I've just sold a three-sonnet sequence to ye online journal of speculative poetry , Eye to the Telescope. The sale is especially sweet to me since I have had a hankering to return to writing poetry but this yen has been quashed by my need to write books of weird fiction. I have a wee ache to write my own Lovecraftian version of Shakespeare's sonnets--numbering 154. Instead, I am planning on writing a new novelette that takes it plot from Shakespeare's sonnets. My working title for the novelette is "Dark Lady," and that was going to be the story's title until I saw this:
I'll find some nice phrase in ye sonnets to use as my title after I've compos'd ye tale. The idea has been a Lovecraftian obsession of mine for some time. Lovecraft mention'd, in correspondence, of wanting to write a novelette set in Arkham about a bloke who inherits a house on French Hill and is compelled to dig in an antient graveyard on Hangman's Hill. I've toy'd with this idea in one or two wee things in prose-poem and vignette sequences--but now I am determined to write HPL's unwritten novelette. I'm shooting for 13,000 words. I had such adolescent fun writing an 11,000 word novelette that was my own version of Grandpa's "The Lurking Fear," I want to do it again. This time I have no completed story to bastardize--just a wee idea; but it hath fired my imagination, and I can use elements from "The Dreams in the Witch House" in my own novelette. My "dark lady" will be my recurring character, Marceline Dubois, of Sesqua Valley, who is spending time in Arkham as a Shakespearean actress, perhaps in a production of Antony and Cleopatra. I want to write fully and suggestively of that island mention'd in Lovecraft's tale; and I want to play with the idea of Nyarlathotep as Black Man, perhaps, one of the elements that so disappoints me in "The Dreams in the Witch House," as Lovecraft's use of Nyarlathotep in that tale seems to me extremely uninspir'd. And I want to play with the Shakespearean motif of father and daughters, and of the lure of the Dark Lady of ye sonnets. Lots to play with, hopefully enough for me to conjure forth a work of 13,000 words.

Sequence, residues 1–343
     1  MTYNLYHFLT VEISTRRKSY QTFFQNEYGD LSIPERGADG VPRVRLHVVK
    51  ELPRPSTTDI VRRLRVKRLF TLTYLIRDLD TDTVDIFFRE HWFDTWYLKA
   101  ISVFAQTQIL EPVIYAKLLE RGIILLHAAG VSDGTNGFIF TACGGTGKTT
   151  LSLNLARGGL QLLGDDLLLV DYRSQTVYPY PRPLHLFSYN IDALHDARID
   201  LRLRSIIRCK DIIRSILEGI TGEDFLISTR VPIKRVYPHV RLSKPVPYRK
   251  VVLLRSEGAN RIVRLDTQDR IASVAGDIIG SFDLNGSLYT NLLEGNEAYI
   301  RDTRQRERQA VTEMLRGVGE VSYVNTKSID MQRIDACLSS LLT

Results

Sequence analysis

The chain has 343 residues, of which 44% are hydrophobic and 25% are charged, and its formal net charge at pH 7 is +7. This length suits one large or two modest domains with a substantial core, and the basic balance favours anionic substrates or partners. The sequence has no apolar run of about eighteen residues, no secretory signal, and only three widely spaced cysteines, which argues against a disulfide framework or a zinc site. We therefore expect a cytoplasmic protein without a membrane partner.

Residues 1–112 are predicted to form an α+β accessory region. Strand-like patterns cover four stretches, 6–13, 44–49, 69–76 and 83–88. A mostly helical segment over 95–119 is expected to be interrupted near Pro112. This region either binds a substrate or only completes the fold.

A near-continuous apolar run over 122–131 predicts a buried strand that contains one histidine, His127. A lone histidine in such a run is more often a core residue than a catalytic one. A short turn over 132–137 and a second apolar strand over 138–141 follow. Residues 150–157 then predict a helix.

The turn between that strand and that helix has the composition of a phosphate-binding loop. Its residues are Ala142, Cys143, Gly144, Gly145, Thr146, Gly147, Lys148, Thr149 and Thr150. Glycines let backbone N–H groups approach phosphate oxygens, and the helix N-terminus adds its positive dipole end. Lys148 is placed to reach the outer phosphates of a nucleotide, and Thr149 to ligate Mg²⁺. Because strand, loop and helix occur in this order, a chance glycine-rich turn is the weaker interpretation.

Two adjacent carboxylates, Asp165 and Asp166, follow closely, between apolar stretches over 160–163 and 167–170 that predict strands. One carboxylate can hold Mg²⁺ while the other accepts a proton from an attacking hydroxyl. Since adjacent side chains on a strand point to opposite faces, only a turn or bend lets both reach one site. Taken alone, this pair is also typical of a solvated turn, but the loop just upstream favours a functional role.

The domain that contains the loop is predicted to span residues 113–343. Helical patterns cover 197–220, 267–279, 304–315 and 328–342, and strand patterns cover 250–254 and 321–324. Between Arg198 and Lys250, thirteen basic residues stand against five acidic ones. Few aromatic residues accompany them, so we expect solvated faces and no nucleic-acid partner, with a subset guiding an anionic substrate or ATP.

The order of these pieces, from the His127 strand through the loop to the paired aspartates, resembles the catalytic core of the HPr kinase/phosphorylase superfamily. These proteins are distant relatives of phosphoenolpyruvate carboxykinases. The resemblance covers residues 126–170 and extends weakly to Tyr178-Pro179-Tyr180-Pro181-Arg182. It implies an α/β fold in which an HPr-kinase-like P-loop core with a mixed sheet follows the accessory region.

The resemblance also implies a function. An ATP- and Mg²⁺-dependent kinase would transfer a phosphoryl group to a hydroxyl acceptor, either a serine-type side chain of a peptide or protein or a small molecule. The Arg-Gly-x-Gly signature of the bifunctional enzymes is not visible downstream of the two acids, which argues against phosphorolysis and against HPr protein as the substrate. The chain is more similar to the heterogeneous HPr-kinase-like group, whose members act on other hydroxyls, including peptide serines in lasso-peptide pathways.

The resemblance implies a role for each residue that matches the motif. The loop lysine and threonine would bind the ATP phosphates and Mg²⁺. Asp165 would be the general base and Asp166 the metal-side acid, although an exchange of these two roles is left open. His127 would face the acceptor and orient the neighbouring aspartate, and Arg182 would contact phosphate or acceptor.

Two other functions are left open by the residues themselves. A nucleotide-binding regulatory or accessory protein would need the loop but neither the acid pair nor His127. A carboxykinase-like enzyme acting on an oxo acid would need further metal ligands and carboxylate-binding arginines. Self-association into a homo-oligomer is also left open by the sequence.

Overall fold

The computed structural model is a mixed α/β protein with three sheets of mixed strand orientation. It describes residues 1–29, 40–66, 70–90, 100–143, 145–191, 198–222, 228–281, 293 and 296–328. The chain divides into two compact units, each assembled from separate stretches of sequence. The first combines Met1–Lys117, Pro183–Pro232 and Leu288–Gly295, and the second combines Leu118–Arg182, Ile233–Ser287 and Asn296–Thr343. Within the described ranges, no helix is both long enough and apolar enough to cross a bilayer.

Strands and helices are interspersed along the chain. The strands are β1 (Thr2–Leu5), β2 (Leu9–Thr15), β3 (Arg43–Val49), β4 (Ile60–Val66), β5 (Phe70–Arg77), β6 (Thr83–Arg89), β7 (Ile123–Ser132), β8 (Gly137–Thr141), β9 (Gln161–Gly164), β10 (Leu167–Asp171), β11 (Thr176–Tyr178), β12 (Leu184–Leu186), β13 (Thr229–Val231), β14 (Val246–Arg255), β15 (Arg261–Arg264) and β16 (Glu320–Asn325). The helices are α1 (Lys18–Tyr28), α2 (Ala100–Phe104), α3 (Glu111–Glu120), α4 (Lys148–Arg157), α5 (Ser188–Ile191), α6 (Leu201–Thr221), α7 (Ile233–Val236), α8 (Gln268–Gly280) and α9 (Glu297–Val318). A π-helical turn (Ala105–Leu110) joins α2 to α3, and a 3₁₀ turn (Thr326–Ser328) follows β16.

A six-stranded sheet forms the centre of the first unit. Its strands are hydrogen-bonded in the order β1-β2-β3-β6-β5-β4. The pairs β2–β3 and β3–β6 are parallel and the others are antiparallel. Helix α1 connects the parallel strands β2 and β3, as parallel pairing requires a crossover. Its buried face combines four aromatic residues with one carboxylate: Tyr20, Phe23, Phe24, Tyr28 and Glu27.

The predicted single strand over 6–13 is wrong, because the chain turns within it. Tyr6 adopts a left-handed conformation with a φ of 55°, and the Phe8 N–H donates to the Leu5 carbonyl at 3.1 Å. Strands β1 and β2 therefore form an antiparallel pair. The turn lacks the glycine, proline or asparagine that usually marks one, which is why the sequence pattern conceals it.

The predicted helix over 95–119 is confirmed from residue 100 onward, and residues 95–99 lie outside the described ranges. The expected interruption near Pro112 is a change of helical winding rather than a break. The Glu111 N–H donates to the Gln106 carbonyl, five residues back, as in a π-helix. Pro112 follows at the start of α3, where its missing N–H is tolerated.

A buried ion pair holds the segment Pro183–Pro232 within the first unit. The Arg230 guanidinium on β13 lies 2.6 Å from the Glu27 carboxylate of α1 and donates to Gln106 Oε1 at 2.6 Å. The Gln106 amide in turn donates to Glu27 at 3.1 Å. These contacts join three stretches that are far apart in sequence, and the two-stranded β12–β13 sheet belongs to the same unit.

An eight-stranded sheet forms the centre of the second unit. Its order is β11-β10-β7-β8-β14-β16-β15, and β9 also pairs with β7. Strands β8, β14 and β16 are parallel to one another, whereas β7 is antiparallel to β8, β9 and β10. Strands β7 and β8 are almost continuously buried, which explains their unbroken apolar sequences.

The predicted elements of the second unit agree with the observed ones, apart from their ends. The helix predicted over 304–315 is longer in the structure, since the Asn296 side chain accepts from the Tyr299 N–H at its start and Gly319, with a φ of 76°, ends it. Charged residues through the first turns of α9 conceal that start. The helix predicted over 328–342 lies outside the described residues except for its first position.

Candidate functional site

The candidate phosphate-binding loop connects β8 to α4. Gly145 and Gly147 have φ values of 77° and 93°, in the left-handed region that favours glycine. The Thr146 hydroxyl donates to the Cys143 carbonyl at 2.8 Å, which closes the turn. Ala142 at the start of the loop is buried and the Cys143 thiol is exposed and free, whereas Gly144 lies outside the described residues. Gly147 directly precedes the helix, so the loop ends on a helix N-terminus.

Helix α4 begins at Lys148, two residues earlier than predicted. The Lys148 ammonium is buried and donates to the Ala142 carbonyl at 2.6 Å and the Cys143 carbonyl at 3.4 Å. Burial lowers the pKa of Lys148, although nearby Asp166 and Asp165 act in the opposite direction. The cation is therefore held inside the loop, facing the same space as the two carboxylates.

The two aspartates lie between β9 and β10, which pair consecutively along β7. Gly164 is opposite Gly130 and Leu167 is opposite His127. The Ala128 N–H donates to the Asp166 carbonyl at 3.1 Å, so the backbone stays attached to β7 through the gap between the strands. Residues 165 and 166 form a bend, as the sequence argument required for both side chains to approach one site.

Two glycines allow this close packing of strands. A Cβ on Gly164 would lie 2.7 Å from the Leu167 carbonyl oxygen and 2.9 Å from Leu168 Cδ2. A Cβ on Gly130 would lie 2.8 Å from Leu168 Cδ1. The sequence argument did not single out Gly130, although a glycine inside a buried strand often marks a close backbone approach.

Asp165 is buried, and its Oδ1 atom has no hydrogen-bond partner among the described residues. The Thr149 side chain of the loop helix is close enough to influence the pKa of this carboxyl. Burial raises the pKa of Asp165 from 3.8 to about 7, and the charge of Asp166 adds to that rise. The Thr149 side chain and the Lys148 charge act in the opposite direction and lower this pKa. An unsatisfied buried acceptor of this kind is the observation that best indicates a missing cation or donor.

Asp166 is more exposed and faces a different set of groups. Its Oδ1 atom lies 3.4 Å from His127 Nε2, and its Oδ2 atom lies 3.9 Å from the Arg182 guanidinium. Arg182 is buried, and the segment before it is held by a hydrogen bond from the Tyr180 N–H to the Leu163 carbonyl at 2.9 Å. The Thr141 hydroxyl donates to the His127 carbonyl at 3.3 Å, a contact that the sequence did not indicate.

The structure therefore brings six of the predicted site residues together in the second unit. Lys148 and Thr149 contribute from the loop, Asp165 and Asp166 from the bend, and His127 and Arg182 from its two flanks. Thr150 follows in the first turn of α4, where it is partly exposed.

|a moment of inspiration while walking ye lanes of Providence.|